Where is our Father? Where but in Heaven? And where is our Elder Brother? Is He not there, too, at the right hand of God?And where is the Bridegroom of our soul? The truest and best Bridegroom with whom we are joined in a marriage union whichdeath cannot sever? Where, I say, is the Bridegroom of our souls? We know right well! And may not the bride desire the happyperiod of the home-bringing-the joyous marriage feast, the supper of the Lamb? Where our Father is and where Jesus is, mustnecessarily be our own country-and we are exiles till we reach it! If we have a clear eye for spiritual relationships, seewhat a host of our nearest and dearest ones have gone across the river, already, and are in Glory! Multitudes, multitudesare there! We are come unto "the general assembly and Church of the First-Born, whose names are written in Heaven."
Let us, therefore, go on with great speed! Let us not think to tarry here, for our best friends and kindred have entered intotheir rest, and it becomes us to follow after them. And, you know, a man who is a pilgrim reckons that land to be his countryin which he expects to remain the longest. Through the country which he traverses he makes his way with all speed. But whenhe gets home he abides at his leisure, for it is the end of his toil and travail. What a little part of life shall we spendon earth! When you and I have been in Heaven 10,000 years, we shall look back upon those 60 years we spent here as nothingat all! We will think of their pain as a pin's prick, their gain a speck, their duration the twinkling of an eye!
Even if you have to tarry 80 or 90 years in this exile, when you have been in Heaven a million years, the longest life willseem no greater than a thought and you will wonder that you said the days were so weary and the nights so dreary, and thatthe years of sickness drug such a weary length along! Ah me, eternal bliss, what a drop you make of our sea of sorrow! Heavencovers up this present grief and so much overlaps it that we could fold up myriads of such mourning and still have garmentsofjoy enough to clothe an army of the afflicted! We make too much of this poor life-and this fondness costs us dearly. Ohfor a higher estimate of the Home country, with its delights forevermore! Then would the trials of a day exhale like the dewof the morning and scarcely secure an hour of sorrow.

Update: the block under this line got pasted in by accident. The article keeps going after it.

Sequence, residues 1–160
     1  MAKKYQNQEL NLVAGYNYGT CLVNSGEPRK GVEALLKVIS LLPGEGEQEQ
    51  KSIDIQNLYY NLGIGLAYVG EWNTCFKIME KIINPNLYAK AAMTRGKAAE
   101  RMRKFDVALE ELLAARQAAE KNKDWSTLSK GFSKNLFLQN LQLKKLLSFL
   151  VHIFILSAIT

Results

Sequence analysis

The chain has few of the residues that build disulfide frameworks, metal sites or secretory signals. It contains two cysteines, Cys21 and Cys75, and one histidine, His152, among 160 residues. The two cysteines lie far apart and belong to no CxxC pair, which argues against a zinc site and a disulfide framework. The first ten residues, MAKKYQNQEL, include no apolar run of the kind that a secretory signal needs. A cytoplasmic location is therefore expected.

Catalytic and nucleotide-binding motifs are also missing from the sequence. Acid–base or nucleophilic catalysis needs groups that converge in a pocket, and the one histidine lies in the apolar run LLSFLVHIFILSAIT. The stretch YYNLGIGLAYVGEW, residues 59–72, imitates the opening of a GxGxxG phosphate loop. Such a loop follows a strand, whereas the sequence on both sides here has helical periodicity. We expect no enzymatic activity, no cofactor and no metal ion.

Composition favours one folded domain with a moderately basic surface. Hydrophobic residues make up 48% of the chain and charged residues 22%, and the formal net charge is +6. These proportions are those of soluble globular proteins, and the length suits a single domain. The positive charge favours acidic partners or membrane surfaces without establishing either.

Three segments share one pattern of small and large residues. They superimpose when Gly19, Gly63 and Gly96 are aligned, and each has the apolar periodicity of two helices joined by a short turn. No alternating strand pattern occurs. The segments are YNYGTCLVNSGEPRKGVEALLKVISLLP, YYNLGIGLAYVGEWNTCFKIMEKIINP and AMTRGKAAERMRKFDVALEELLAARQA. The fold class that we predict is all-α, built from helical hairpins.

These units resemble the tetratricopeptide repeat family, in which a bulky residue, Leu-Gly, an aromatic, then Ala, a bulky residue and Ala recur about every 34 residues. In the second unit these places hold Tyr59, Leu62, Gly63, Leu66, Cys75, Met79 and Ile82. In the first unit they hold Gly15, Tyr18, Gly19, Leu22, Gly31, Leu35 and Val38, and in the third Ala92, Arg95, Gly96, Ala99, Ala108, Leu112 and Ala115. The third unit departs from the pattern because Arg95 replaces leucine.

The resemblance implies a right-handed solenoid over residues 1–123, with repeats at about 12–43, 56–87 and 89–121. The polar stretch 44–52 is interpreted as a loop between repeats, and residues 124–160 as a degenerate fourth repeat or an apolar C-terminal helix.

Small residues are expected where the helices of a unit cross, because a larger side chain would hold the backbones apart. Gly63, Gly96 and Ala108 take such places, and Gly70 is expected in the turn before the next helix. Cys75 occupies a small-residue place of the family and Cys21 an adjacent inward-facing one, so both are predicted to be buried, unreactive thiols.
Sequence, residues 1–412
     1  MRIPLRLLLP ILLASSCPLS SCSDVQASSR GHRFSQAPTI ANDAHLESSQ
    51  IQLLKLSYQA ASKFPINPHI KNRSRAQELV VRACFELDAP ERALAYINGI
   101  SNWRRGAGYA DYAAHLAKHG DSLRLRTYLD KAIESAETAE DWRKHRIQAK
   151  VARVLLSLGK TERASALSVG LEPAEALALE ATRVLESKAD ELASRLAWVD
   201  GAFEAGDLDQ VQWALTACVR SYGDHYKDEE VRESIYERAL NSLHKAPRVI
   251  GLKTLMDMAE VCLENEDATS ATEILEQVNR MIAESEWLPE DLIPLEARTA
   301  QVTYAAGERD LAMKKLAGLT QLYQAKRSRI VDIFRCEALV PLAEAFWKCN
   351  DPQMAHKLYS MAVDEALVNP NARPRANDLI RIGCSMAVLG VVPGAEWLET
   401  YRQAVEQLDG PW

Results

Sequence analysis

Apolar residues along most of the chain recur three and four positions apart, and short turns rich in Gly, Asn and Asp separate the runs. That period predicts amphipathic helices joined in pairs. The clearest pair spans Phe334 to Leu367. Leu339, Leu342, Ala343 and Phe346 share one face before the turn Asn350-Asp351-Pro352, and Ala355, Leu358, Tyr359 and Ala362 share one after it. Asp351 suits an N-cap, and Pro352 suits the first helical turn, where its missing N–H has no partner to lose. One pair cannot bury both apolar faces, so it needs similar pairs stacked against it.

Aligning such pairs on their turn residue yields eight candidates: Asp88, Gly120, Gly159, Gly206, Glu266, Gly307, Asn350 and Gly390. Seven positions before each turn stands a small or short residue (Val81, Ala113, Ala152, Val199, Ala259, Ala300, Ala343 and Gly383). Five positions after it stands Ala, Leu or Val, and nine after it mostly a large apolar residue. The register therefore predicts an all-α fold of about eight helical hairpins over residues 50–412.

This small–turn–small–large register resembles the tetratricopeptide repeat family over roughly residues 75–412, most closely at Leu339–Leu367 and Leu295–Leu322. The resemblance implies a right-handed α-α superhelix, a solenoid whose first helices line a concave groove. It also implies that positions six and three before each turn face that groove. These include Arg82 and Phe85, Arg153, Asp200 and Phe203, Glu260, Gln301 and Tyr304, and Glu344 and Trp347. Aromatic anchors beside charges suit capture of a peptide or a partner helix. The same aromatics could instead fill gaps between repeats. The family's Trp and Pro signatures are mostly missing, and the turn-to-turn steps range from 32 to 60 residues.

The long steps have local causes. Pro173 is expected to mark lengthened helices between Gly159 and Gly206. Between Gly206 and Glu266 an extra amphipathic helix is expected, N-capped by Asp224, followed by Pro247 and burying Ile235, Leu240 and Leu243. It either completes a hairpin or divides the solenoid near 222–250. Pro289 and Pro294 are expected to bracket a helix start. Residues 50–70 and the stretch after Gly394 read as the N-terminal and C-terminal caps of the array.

We are only here for enough time to feel an April shower of pain-and then we are gone among the unfading flowers of the endlessMay! Therefore let us not make the most of the least, and the least of the most! But let us put things in their order andallot to this brief life its brief consideration-and to everlasting Glory its weight of happy meditation! We are to dwellthroughout eternity with God! Is not that our Home? That is not a man's residence into which he enters at the front door andin a moment passes out at the back and is gone, never to return, as though it were a mere passage from one street to another!And yet this is about all that Believers do as to this poor world. That is a man's home where he can sit down at his easeand look on all around him as his own and say-
"Here will I make a settled rest, While others go and come, No more a stranger or a guest, But like a child at home."
Yes, this shows that we are pilgrims, because we are here for so short a space compared with the length of time we shall spendin the dear country beyond!
One thing that always marks us as pilgrims is this-that we are treated by the people of this land as strangers. Differentraces of men reveal their nationality by their speech, their dress, their manners and their habits. That which is perfectlynatural in a Dutchman seems ridiculous to a Frenchman; while the customs of a Chinaman horrify a Briton! As we who are ofthe hill country pass through these lowlands, the people discover our foreign character and take a wondering interest in us,sometimes of a friendly sort, but more often of a hostile kind. They marvel from where we are and, as they cannot make usout, they often come to the conclusion that we are acting a part and are nothing better than hypocrites and pretenders. They,of course, are honest, and all who are not like they must be false and contemptible! This suspicion and ill will does nothappen to all professors, but more or less it falls to the lot of all genuine Christians.
They cannot be hid and yet they cannot be understood, for their life is hid. Gladly would they pass incognito through theland, but the men of the world will not have it so. They soon discover the pilgrim strangers and they think them very odd.I suppose they are so, ifjudged by the customs of the world. We do not drop into the ways and customs of the ungodly, forour Master said to us, "Have no fellowship with the unfruitful works of darkness, but rather reprove them." Therefore, inthis world, the true Christian is as strange as a Red Indian in Cheapside. People do not understand the saints-they cannotmake them out-for they are constructed upon different principles from other men and often do things which men count foolish,unmanly and absurd.